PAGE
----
cockatoo with dull black body plumage narrowly scalloped in white, off-white
cheek patches and large white tail panels. Males have black or dark grey beaks
and a fleshy coloured periopthalmic ring. Adult females have white beaks and a
(less pronounced dark grey periopthalmic ring. Immatures resemble females.
Often encountered in family parties or large feeding/foraging flocks.
Restricted to Marri and Karri forests in south-western Western Australia.
Eucalypt forests and woodland, especially Karri and Marri, suburban parks and gardens.
Eucalypt seeds, fruits and insects.
From July to December.
The usual nesting site is a tree cavity high in a eucalypt. The cavity varies from 50cm to 2m or more. Both the male and female prepare the nesting site, sometimes commencing preparation several weeks before the first egg is laid. Although only the female incubates the eggs, both parents care for the young. The male feeds the female during incubation. The bottom of the nest is usually covered in a thick layer of woodchips.
In captivity white-tails usually prefer nesting logs of 1-1.5m in height with an internal diameter of about 40cm and an entrance of at least 20cm diameter. Entrances should be at the top or on the side near the top. Logs may be suspended vertically or placed on the ground (upright). The preferred nesting material is a mixture of wood shavings and dirt (esp. termite nest) or peat moss.
This is similar to that of the Yellow-tailed Black Cockatoo. It involves approaching the female with the crest ruffed and tail feathers fanned whilst holding the body fully erect. His approach is in a strutting manner and he accompanies this with a clucking sound.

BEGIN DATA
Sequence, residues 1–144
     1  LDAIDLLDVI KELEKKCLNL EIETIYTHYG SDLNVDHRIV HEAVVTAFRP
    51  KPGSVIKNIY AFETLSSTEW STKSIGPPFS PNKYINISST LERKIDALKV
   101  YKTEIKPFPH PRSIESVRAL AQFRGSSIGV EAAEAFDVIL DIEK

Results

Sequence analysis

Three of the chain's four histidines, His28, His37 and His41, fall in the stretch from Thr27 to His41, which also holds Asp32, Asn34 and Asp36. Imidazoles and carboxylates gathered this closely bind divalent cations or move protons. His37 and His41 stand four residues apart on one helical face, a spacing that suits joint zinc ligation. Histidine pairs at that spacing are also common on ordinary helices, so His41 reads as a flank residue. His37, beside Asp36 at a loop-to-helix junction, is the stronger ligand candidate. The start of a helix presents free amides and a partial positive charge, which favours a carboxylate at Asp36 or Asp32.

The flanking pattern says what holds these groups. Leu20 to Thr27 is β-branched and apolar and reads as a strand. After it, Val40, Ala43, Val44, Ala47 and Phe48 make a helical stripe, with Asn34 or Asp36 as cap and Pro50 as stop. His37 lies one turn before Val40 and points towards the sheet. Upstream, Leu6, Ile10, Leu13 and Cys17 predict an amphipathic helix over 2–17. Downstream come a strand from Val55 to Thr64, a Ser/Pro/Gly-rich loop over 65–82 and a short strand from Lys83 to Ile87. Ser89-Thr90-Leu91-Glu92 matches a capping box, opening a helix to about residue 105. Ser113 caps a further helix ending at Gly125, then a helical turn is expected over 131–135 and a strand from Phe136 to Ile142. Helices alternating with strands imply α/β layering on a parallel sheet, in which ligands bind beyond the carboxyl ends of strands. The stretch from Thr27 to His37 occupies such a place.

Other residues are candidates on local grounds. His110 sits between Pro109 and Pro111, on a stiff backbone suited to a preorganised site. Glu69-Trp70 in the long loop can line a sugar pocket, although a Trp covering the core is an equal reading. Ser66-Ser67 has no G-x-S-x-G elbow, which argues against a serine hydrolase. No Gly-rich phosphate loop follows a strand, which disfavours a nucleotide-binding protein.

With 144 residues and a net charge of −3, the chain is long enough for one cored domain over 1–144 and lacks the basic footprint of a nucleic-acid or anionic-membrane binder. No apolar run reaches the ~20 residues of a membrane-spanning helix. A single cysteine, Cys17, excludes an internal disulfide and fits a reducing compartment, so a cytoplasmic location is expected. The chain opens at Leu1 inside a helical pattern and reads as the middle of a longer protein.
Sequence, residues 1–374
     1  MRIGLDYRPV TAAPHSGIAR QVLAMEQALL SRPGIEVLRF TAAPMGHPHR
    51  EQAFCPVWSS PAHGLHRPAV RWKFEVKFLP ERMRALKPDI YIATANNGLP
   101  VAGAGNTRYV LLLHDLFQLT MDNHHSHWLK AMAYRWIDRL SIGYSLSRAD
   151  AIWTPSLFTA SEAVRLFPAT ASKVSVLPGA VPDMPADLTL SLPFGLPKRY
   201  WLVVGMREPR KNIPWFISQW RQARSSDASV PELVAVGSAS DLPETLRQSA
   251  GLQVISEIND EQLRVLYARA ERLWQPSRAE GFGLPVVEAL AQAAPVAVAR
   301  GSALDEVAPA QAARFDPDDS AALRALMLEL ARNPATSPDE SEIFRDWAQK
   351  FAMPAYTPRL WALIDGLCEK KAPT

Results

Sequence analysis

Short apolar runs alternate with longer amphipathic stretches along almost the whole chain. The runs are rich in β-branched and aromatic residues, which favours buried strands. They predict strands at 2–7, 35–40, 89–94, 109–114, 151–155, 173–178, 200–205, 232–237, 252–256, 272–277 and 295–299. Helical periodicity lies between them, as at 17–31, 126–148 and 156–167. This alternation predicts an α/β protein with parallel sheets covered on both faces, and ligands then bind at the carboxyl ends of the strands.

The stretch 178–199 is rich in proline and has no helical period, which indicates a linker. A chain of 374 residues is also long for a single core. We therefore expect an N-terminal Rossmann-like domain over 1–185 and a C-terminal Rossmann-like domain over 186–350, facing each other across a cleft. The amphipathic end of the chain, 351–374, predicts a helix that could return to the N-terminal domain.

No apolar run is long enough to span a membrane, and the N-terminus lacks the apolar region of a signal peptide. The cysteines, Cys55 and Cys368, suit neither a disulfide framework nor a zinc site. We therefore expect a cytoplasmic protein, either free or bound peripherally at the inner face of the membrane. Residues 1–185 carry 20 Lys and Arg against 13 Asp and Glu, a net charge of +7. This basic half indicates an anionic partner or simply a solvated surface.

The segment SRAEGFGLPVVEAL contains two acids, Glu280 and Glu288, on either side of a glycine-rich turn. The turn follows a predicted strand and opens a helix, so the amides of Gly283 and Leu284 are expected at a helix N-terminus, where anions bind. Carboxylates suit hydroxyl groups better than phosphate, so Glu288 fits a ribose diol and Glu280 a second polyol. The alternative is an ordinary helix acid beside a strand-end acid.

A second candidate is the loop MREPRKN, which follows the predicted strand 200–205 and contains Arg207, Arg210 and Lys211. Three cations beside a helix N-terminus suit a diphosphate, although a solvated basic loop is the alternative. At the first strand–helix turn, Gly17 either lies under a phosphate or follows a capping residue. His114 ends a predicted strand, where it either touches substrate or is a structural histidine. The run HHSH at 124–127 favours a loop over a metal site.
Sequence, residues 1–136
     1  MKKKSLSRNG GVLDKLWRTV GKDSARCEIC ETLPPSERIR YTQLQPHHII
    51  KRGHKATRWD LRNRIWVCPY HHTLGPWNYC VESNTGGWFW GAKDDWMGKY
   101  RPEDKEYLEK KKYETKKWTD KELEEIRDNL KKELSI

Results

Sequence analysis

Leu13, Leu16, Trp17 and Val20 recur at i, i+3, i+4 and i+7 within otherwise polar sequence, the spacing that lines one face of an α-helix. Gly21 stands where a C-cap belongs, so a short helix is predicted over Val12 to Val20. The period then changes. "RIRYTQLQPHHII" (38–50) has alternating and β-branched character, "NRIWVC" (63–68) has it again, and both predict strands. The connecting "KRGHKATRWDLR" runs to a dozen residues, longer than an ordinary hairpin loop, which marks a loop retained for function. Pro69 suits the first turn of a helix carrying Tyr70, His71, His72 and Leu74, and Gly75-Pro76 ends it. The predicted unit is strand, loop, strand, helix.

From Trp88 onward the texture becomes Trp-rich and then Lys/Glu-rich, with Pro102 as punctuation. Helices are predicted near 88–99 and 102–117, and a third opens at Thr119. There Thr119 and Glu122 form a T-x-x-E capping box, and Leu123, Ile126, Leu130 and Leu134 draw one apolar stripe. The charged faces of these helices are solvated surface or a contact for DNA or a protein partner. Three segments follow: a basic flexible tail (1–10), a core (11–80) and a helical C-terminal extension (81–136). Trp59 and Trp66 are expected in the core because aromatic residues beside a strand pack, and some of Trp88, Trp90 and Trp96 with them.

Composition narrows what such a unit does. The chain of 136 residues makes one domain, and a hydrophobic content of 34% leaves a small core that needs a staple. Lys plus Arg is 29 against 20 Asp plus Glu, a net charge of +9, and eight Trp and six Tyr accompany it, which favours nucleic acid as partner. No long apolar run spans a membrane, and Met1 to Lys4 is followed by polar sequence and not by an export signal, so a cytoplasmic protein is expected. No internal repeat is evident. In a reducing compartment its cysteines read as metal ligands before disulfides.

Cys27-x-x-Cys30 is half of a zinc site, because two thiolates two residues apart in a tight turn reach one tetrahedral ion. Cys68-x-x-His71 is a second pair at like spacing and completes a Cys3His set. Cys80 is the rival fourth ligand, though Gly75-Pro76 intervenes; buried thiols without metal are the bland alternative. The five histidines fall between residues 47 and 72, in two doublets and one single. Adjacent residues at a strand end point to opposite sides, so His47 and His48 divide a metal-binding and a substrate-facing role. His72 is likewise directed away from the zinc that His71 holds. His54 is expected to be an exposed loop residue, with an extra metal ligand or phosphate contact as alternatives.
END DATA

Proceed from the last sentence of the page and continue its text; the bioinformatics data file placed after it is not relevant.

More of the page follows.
White-tailed Black Cockatoos reach maturity at 4-5 years of age. As is the case with so many cockatoos and parrots however, they may breed as early as 2-3 years. This only happens in unusual circumstances however.
2 white oval eggs laid at interval of between 2 and 7 days. Incubation period: about 28-30 days. Fledging usually occurs at about 70 days after which the chick remains dependant on the parents for a further 3-4 months.
Mutations and Hybrids:
Suitable Aviaries and Compatible Birds
a minimum, a single bird may be housed in such a cage provided it measures at
least 800mm x 600mm x 1200mm (approximately). Pairs can be kept in a slightly
larger cage. However, these birds always fare better (and look more spectacular)
in larger aviaries. These should be somewhere in the vicinity of 2m wide x 2m
high x 5 or 6m long so as to provide amply flight space and to accommodate
nesting logs etc.
The wire should be of a heavy duty grade, as cockatoos easily chew holes in lighter grade wire. Similarly, the frame should be constructed of steel to avoid the birds chewing the structure away.
Species Specific Problems
worms are a common problem in species which spend considerable time on the
ground. Similarly, fungal infections may become a problem. These are relatively
easily dealt with however simply by maintaining a high standard of hygiene.
Another problem encountered in this species is Psittacine beak and feather disease. This is an incurable disease which is transmitted through feaces. Essentially, it results in poor feather growth and feathers which don't replace themselves when they fall out. Similarly, the beak is also affected and becomes fragile and does not repair itself.
It is advisable to test birds suspected to have this condition. The best course of action for affected birds is to destroy them as there is no cure. Infected birds will infect their offspring simply by feeding them as there is always chances of contact with faeces in the nest and during feeding of the young.
Feather plucking may also occur in these cockatoos